A good place to visit

“Beloved, I beg you as sojourners and pilgrims, abstain from fleshly lusts which war against the soul. Having your conduct honorable among the Gentiles, that when they speak against you as evildoers, they may, by your good works which they observe, glorify God in the day of visitation” (1 Peter 2:11-12 NKJV).

We have all heard the saying, and probably said it ourselves, “That is a good place to visit, but I would not want to live there.” There are many beautiful and exciting places on this earth which God has made, but not all of them provide security and comfort. It is one thing to visit the Himalayas of Nepal for a few days or weeks, but would you really want to live at 10,000 feet, grow your meager food in tiny terraced fields, and go without electricity, nearby water, competent medical help and other necessities? Most of us would quickly say “No, thank you.”

Citizens of developed nations like it at home. They will take an occasional adventure, but when all is said and done, most of them would prefer a heated and/or cooled house, tasty and nutritious food without scarcity, and all of the modern conveniences.

In less developed nations many of those things are lacking. It should not surprise us, therefore, to find that many of their people feel the opposite way about their own homes. Their hope and dream is to emigrate, then to visit family and roots occasionally, but never again live in their own homeland permanently. Westerners find that strange and somewhat disturbing. People should not dislike their own homes, should they? I guess it depends on what those homes are like.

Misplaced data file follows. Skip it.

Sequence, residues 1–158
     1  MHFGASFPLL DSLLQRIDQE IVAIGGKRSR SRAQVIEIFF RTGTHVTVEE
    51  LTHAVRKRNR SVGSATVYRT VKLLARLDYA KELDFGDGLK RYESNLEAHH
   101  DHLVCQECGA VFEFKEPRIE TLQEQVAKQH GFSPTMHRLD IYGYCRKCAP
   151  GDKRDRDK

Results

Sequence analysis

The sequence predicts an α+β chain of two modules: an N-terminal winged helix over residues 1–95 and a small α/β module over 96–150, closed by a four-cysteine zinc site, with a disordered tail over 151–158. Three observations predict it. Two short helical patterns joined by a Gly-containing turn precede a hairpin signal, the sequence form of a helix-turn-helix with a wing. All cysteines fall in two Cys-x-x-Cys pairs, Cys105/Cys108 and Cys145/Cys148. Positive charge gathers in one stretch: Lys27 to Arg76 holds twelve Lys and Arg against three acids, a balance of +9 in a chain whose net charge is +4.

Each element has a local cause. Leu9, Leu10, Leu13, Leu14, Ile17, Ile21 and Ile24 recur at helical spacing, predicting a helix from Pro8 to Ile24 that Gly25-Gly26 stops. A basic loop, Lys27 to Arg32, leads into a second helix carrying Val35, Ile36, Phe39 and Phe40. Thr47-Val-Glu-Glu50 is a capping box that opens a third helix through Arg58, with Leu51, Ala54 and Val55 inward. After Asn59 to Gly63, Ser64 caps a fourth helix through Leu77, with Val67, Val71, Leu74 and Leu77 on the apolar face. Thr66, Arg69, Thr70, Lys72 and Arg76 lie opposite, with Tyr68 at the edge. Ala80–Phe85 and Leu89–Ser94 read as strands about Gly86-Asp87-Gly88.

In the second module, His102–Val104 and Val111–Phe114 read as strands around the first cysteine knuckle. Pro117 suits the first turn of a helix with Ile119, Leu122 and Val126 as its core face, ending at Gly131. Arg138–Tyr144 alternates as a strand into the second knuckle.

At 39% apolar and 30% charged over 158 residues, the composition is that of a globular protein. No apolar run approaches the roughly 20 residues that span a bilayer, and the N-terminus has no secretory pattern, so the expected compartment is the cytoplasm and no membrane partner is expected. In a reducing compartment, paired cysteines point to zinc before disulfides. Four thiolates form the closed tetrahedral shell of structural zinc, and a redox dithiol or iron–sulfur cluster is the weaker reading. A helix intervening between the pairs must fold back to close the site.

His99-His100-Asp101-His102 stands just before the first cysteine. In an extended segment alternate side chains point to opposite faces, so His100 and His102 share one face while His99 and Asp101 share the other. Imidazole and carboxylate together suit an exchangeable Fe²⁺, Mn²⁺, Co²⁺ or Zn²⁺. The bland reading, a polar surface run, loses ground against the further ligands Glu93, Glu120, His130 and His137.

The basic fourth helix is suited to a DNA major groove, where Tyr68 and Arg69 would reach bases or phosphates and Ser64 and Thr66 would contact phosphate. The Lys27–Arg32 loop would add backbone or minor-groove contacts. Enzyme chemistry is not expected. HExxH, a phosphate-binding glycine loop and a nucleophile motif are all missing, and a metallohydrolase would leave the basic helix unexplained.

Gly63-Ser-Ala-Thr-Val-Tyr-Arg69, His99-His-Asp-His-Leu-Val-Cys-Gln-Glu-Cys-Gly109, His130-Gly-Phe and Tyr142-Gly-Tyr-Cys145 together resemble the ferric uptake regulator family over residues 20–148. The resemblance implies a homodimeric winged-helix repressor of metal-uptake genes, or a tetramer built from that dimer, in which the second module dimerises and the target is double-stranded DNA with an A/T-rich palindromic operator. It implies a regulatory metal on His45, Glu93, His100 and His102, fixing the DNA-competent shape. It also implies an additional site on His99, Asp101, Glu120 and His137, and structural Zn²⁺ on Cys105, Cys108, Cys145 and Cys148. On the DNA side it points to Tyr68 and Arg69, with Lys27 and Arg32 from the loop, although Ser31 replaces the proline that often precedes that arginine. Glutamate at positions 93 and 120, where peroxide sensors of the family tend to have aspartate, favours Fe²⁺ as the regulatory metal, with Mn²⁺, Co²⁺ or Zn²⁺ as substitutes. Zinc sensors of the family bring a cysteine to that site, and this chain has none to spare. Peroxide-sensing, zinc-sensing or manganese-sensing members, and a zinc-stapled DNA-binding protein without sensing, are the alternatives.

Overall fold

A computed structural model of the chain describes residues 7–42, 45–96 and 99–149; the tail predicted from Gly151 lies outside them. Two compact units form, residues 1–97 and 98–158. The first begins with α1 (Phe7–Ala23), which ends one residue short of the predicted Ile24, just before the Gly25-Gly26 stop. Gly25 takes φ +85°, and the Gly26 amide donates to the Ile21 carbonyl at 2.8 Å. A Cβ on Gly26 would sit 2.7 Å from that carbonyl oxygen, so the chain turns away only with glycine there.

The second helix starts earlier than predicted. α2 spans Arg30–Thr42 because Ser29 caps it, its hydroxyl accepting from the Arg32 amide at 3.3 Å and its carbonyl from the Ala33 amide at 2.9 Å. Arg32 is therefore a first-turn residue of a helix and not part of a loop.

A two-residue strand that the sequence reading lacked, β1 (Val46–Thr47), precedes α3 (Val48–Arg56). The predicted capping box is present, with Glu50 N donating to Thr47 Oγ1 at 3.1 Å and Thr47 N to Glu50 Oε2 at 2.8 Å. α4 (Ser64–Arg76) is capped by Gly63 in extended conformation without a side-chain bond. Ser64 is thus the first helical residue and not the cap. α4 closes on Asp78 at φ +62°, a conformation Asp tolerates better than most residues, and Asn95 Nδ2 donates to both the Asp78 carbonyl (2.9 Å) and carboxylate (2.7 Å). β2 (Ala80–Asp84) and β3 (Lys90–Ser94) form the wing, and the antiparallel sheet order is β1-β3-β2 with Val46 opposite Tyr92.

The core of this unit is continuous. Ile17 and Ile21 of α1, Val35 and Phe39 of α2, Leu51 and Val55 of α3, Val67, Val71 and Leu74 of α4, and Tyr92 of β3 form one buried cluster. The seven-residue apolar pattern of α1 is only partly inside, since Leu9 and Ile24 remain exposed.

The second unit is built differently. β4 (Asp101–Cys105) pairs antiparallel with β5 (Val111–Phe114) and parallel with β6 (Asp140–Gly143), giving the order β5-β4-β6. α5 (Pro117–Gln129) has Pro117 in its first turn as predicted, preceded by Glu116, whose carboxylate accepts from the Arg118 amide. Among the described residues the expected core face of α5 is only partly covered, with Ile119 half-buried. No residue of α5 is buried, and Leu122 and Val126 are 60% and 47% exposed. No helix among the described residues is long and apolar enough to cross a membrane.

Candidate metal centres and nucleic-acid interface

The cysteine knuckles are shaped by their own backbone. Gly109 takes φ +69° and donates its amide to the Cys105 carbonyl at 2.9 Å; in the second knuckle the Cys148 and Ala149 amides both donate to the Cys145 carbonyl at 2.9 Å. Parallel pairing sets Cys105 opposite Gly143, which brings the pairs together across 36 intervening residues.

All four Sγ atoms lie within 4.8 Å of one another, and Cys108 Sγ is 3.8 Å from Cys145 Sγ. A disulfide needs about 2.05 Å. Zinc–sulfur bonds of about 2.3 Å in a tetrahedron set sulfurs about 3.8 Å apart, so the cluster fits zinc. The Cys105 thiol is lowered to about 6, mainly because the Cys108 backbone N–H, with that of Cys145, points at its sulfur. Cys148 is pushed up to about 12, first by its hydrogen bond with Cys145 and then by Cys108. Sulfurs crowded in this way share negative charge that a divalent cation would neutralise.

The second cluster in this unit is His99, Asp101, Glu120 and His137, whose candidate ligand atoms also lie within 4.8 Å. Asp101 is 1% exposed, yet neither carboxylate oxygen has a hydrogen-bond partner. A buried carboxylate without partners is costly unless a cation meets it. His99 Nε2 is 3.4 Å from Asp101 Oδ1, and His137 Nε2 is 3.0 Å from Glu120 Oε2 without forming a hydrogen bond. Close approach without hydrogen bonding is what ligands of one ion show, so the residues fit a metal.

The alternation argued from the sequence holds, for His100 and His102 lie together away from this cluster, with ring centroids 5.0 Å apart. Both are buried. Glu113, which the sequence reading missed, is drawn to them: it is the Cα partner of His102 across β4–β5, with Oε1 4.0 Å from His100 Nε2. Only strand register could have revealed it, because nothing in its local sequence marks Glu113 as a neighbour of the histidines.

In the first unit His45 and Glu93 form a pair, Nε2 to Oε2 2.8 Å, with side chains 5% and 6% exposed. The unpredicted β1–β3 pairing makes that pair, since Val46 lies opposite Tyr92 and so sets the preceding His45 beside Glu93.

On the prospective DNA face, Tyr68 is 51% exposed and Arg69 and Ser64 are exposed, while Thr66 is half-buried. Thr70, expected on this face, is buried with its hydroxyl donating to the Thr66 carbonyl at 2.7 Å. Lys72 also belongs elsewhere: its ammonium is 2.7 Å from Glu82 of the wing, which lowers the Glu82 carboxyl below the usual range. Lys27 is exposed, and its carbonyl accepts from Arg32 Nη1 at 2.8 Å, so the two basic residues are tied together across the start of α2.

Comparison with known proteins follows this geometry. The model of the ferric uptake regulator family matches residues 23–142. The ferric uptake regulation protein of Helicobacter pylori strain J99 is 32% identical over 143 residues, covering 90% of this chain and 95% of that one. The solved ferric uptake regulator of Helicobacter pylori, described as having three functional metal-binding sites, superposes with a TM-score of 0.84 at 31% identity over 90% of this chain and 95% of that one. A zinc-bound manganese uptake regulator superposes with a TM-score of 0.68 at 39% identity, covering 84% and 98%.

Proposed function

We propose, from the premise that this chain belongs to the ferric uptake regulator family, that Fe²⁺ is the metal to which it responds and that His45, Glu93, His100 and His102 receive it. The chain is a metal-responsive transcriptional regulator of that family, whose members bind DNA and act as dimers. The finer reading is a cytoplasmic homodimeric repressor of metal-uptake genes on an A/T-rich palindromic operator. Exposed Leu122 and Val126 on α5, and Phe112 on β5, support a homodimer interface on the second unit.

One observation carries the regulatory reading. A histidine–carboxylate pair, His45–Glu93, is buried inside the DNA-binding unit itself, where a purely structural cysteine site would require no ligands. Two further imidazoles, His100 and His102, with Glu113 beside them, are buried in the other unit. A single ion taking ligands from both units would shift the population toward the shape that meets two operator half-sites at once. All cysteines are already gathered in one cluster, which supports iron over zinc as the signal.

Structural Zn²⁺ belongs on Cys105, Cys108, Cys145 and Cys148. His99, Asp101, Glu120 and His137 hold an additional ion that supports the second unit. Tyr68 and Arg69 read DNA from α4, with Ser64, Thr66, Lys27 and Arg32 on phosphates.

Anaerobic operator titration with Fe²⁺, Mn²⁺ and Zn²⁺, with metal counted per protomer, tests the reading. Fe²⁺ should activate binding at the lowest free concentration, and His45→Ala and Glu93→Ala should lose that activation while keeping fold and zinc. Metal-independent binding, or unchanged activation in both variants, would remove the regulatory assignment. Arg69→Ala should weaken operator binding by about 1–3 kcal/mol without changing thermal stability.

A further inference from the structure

Christians are in that same situation. If we have died to Christ (Colossians 3:3) and have “set our minds on things above, not on things on the earth” (Colossians 3:2), we find ourselves less and less comfortable and secure in this world of sin and temptation. We are not really at home here – rather we are “sojourners and pilgrims,” at odds and cross-purposes with our neighbors. As Peter explained, “They think it strange that you do not run with them in the same flood of dissipation, speaking evil of you” (1 Peter 4:4).

When I travel to other continents I often stand out like the proverbial sore thumb. I am taller, my skin is paler, and my dress is different. I cannot hide among the local populations. If we trust in Jesus and “Do all in the name of the Lord” (Colossians 3:17) we will be even more out of place in the culture of selfishness, materialism, and indulgence that defines our society.

But if we can only remember, we are just visiting, we don’t really live here. As the song tells us, “This world is not my home, I’m just passing through.” Heaven awaits us at the end of our journey; that is our true home.

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